Much more decisive than these considerations was the fact that with a deployment of that kind against Russia, my plan, which I had submitted to the Fuehrer, to attack England at Gibraltar and Suez, would have to be dropped more or less finally. The attack on Gibraltar was so methodically prepared by the Air Force that, according to all human expectations, there could be no failure. The British air force stationed there on the small airfield north of the Rock of Gibraltar was of no importance. The attack of my paratroopers on the Rock would have been a success.
The simultaneous occupation of the other side, the African side, and a subsequent march on Casablanca and Dakar would at least have been a safeguard against America's intervention--a campaign, such as later took place in North Africa. To what extent beyond this, by agreement, the Cape Verde Islands could still be used, was an open question. It is obvious what it would have meant to be established with aircraft and submarines at North African bases and to attack all the convoys coming up from Capetown and South America from such favorable positions. Even if the Mediterranean had been closed in the west, it would not have been difficult, by pushing across Tripoli, to bring the Suez project to a conclusion, the time and success of which could be calculated in advance.
The exclusion of the Mediterranean as a theater of war, the key point Gibraltar--North Africa down to Dakar--Suez, and possibly extended further south, would have required only a few forces, a number of divisions on the one side and a number of divisions on the other, to eliminate the entire insecurity of the long Italian coast line against the possibility of attack. I urged him to put these decisive considerations in the foreground and only after the conclusion of such an undertaking to examine further the military and political situation with regard to Russia. For, if these conditions were brought about, we would be in a favorable position in the case of an intervention by the United States, a flanking position.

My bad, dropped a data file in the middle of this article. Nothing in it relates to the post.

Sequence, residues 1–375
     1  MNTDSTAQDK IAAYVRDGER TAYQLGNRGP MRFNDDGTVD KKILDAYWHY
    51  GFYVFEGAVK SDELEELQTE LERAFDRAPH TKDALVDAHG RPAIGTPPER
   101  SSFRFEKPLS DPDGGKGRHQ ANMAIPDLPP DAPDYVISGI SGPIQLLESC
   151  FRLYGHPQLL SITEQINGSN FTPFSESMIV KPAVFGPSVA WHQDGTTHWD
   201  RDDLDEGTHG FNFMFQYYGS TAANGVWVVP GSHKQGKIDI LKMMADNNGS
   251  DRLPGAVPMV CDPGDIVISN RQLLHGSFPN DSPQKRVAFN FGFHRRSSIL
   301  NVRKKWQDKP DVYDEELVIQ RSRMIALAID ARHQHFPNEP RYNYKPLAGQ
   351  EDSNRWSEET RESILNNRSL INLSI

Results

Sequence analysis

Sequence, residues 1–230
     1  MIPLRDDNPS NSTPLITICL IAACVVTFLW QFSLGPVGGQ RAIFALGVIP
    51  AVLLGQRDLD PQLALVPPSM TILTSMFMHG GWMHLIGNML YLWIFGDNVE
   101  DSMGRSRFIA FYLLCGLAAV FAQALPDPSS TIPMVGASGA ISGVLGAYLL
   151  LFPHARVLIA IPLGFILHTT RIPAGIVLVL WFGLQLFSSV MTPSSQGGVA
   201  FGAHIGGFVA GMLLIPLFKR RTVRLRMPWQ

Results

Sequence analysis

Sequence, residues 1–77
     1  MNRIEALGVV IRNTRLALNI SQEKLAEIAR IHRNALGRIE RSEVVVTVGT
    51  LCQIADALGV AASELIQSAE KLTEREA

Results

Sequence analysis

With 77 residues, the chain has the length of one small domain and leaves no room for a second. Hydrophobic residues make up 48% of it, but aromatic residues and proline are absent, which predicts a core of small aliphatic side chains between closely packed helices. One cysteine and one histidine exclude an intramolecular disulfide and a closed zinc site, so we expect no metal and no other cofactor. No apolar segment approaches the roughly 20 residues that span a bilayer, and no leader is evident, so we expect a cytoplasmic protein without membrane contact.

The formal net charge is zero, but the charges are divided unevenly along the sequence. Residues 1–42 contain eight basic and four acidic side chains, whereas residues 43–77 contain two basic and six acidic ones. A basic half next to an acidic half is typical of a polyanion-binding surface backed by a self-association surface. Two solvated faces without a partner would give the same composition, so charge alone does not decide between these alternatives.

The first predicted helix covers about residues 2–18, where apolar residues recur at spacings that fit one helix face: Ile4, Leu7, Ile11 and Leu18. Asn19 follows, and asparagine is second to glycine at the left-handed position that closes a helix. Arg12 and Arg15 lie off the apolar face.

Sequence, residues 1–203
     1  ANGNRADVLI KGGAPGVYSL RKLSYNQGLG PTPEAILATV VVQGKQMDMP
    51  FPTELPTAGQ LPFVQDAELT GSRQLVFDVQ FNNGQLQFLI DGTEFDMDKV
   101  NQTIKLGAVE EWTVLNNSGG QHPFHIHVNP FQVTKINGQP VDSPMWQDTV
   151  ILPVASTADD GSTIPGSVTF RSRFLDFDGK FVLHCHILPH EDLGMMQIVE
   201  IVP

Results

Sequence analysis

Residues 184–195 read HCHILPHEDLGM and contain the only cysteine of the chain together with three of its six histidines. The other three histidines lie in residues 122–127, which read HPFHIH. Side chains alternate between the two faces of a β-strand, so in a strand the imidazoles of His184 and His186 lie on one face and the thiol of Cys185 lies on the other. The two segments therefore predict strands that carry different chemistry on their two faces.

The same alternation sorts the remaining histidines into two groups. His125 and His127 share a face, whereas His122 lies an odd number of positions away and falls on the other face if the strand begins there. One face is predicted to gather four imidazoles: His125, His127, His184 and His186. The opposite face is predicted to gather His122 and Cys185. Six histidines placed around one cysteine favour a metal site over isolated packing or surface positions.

I explained to him all these reasons in great detail and pointed out to him again and again that here we would be giving up something relatively secure for something still insecure, and that, after securing such a position, there would be much more of a prospect of coming, under certain circumstances, to an arrangement with England at a time when the two, both armed, would be standing opposite each other, the one on this, the other on that side of the Channel. These were my reasons for delaying the date, and I also told him that increased successes in this direction might enable us to steer Russian preparations politically, where possible, into other channels, against our enemies of the moment. I emphasize, however, that the Fuehrer, restrained by considerations of caution, at first made only general preparations and was going to hold in reserve, as he told me at the time, the actual attack; and the final decision was not taken until after the Simovic revolt in Yugoslavia.